The late Richard Gardner developed the theory of parental alienation syndrome (PAS) after claiming that one parent alienated the children from the other parent in 90% of his divorcing patients. Though claiming that the “disorder” was not sex specific, he used it almost exclusively against mothers, maintaining that mothers falsely raise domestic violence and incest during custody disputes for tactical gain. Even Gardner admitted PAS was not an actual syndrome; some call it parental alienation (PA), but the concept is identical.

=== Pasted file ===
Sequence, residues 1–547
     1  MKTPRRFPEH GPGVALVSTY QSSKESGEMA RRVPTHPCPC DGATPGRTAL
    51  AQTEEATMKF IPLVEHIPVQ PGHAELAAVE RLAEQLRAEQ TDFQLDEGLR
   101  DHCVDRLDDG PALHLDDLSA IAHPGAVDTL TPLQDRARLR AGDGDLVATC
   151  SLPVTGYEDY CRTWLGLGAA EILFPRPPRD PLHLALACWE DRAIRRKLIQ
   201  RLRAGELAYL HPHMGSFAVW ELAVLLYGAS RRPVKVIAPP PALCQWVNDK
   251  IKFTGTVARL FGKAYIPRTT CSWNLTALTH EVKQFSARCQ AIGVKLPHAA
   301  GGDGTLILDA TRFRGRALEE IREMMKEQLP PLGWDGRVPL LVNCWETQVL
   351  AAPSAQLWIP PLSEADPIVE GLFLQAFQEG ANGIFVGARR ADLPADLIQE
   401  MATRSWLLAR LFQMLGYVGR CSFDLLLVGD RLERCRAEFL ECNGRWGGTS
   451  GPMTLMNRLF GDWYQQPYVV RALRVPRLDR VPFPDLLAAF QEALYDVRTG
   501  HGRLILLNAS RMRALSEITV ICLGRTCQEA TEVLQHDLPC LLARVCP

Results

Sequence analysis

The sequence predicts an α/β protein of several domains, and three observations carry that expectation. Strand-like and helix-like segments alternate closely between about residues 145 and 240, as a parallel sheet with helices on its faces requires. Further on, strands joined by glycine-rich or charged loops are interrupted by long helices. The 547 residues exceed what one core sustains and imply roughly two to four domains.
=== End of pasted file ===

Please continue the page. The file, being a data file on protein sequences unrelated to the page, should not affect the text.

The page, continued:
Gardner claimed to have testified in 400 custody cases in 25 states. Although no state has codified PAS, at least 31 states have adopted Gardner’s friendly parent concept (FPC) in which courts are encouraged to give custody to the parent who will foster a better relationship between the children and the other parent. Even where not codified, many judges and custody evaluators base decisions or recommendations on PAS…
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